"We also saw evidence of ZIKV infection in areas of Africa where ZIKV has not been reported in humans or primates in over a decade, potentially pointing to a persistent and previously unrecognized reservoir," the authors wrote. "Ultimately, we believe that the methods reported here will be useful for larger serosurveys of wild animals to more accurately determine the prevalence of ZIKV infection."
Mar 9 Clin Sci Epidemiol study
E coli confirmed in soy nut butter from Oregon patients' home
Officials have confirmed Escherichia coli in soy nut butter in the home of two patients in Oregon who are among 16 outbreak patients, and a food safety lawyer says the plant that produced the nut butter tied to the nine-state outbreak is in Tennessee, according to updates yesterday and today.
The finding in Oregon involves two siblings, both children, in Clackamas County who are the state's only known case-patients. Epidemiologists from the Oregon Health Authority (OHA) collected a sample of the recalled I.M. Healthy SoyNut Butter, produced by The SoyNut Butter Company of Glenview, Ill., from the children's home. Tests showed the presence of E coli O157, the OHA said in a news release yesterday. The outbreak strain is Shiga toxin–producing E coli (STEC) O157:H7.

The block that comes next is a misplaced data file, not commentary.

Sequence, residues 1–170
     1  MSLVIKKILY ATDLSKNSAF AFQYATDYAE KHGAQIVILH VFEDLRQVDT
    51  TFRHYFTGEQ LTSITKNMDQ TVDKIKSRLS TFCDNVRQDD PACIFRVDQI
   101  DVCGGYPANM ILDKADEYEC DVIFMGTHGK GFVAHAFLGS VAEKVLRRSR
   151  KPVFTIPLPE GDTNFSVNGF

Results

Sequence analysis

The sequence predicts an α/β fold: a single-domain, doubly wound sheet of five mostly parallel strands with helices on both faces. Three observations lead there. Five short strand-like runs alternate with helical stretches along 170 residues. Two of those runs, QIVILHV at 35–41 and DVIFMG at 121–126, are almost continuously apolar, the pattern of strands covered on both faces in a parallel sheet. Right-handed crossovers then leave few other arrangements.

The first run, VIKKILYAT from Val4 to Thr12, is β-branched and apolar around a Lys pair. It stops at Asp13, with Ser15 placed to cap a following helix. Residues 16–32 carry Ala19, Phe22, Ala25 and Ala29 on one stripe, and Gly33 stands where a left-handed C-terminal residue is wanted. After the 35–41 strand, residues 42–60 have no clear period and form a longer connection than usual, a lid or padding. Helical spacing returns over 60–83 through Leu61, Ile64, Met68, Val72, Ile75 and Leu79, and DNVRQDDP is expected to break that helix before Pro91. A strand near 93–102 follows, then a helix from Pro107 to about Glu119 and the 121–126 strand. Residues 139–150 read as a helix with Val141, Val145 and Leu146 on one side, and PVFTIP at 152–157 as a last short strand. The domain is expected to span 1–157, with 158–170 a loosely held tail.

"People need to know that if they have this product in their pantries, they should immediately return it to the store where they bought it, or throw it out," said Paul Cieslak, MD, medical director for the Acute and Communicable Disease Prevention Section at the OHA. "If they ate the product and are experiencing symptoms of E. coli infection, they should see their health care provider right away."